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Design of CMOS Millimeter-Wave and Terahertz Integrated Circuits with Metamaterials by Hao Yu

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84 Design of CMOS Millimeter-Wave and Terahertz Integrated Circuits
(a)
(b)
Figure 4.13: Tuning mechanism for the propose d tunable CRLH T-
line-based Mob ius-ring RTW-VCO: (a) Equivalent circuit, (b) Dis-
persion diagram.
Compared with conventional RTW-VCO, the proposed CRLH T-line-
based RT W- VCO provides alternative choices of tunable elements. Assisted
with the inductive tuning techniques pr esented in above sections, a much wider
FTR can be obtained.
4.4 Circuit Prototyping and Measurement
4.4.1 60-GHz VCO Prototype with Asymmetric
Implementation of Inductive Tuning
To fur ther verify the proposed inductive tuning mechanism by switching
return-path in Section 4.3, two 60-GHz VCO prototypes are demonstrated
in CMOS 65nm technology in this section [74] and the following section [151].
Oscillator 85
As shown in Section 4.3, to realize multiple sub-bands for the proposed
inductor-loaned transformer, switches are loaded at various locations on the
secondary coil of one transformer. As the number of switches increases, the
total capacitance and resistance loaded on the transformer increases and
decreases, respectively. According to the analysis in Sec tion 4.2.2, for the
conditions when switches are turned off, both a larger C and a smaller
R would weaken the domination of the terms R
2
[1 ω
2
CL
2
(1 k
2
)]
2
and
R
2
1 ω
2
CL
2
1 ω
2
CL
2
1 k
2

in (1), resulting in a smaller FTR. As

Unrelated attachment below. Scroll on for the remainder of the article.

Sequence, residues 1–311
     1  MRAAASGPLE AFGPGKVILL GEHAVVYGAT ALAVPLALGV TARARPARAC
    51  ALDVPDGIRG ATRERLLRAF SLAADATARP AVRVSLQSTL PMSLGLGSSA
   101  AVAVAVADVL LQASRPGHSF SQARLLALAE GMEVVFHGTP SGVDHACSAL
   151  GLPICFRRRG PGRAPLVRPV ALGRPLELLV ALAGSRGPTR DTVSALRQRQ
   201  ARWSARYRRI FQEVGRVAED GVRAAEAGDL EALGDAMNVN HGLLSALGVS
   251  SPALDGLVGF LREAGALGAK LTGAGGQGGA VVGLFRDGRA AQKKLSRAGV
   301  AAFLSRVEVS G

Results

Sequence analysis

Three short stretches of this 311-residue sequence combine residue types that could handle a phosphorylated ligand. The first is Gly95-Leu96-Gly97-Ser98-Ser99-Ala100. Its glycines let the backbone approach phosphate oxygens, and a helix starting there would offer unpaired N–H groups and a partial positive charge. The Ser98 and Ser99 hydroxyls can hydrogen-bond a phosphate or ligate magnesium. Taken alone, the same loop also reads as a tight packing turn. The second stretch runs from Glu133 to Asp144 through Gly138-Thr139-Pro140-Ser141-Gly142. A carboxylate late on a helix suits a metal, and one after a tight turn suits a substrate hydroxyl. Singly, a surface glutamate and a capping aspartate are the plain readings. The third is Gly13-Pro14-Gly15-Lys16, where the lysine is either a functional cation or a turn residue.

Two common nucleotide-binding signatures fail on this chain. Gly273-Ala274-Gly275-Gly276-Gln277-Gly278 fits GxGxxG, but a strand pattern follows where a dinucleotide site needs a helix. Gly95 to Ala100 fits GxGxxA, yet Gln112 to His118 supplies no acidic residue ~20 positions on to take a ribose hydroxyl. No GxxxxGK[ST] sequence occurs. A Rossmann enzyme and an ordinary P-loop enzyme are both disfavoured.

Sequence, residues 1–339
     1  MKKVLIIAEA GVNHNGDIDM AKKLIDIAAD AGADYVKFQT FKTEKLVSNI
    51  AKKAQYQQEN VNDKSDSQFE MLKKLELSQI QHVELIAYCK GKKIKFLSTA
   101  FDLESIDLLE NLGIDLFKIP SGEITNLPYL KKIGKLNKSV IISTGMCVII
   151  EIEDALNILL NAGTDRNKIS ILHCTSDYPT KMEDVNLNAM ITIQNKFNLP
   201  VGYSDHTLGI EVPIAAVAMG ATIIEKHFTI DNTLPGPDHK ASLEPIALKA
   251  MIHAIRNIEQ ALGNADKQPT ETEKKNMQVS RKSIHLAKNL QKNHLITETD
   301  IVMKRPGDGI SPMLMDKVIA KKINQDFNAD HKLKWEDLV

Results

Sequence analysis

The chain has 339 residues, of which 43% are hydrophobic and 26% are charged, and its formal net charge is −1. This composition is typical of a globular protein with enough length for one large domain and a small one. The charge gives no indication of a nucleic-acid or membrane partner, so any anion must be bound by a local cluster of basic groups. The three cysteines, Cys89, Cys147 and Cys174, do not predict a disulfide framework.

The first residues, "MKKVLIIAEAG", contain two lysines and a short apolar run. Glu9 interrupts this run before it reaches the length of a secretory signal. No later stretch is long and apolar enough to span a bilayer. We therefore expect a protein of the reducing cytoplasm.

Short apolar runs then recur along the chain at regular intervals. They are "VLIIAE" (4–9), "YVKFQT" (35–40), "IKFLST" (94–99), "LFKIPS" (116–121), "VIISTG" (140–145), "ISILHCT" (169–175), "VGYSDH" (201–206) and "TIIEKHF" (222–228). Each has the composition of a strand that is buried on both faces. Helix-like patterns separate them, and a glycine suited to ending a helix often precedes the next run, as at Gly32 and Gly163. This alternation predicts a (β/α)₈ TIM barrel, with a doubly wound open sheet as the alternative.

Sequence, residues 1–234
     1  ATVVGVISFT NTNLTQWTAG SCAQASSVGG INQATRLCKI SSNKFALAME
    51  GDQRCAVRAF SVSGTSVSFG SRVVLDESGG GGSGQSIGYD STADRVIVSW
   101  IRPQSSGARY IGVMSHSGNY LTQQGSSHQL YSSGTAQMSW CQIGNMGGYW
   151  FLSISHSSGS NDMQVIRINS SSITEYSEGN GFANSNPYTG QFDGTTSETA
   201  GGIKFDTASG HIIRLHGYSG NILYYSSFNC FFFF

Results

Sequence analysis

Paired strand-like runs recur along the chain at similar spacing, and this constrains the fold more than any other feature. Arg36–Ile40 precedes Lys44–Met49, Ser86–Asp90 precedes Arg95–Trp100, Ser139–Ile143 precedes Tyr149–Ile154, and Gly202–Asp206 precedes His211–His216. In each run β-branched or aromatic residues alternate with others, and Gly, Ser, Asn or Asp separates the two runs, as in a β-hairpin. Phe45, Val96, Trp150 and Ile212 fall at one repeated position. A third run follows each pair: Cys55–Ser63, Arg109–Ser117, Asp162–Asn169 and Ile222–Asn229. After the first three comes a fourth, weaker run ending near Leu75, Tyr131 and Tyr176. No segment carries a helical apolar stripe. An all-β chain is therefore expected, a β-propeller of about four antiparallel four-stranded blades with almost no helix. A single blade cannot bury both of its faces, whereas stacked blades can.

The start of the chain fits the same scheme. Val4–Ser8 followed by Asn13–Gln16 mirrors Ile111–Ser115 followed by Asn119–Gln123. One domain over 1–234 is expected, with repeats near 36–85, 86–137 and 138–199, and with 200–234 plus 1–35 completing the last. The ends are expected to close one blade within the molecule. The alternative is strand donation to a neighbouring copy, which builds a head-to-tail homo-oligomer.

a result, the number of switches loaded on the transformer should be mini-
mized while providing enough sub-bands .
As a res ult, one layout topology is designed in this section, w hich can re-
alize the maximum number of sub-bands with the least number of switches,
thus can achieve the maximized FTR. The penalty is an asymmetric layout
implementation, which may cause ce rtain degradation in the phase noise per-
formance. This problem can be solved with another symmetric topology to be
presented in Section 4.4.3.
4.4.1.1 60-GHz VCO Design
Loaded Transformer Design
The proposed topology targets the maximum FTR, with layout implementa-
tion shown in Figure 4.14. A transformer is lo aded w ith 4 switches (S1˜S4)
at different locations. The inner loop is the primary c oil, which serves as the
inductor of the LC-tank. The outer loop is the secondary coil, which is loaded
with 4 switches to control the cur rent return-pa ths. Lengths of the 4 sections
in the secondary coil are marked with unit length l. Different combinations of
the switches and corresponding effective lengths of the current return-paths
are summarized in Ta ble 4.7. There are in total 7 modes or sub-bands estab-
lished. For exa mple, by turning on switches S1 and S2, the mode 3 is invoked
with a current return-path formed with length 3l. Moreover, as shown in Ta-
ble 4.7, the effective length of r eturn-path in secondary coil varies from 0 to
6l linearly, resulting in 7 evenly distributed sub-bands. Evenly distributed
sub-binds can facilitate PLL design and also improve its performance.
Note that more sub-bands can be realized by implementing more switches
but may also degrade the pha se noise performance. As derived in Section 4.2.2
and 4.3, a small switch R value is desired to minimize phase noise degradation.
As such, the number of switches should be minimized when connected in serial
in the activated current return-path. The proposed band selection method in
Figure 4.14 and Table 4.7 can minimize the number of switches in the current
return-path to be 2 or be low for all selection modes.
With an asymmetric allocation of switches, this layout implementation
realizes 7 sub-bands with only 4 switches. As a result, a maximized FTR can
be achieved. The trade-off is that the asymmetric twitch locations and cur rent
return-paths would have a large phase noise variation due to different current
return-paths in each sub-band.

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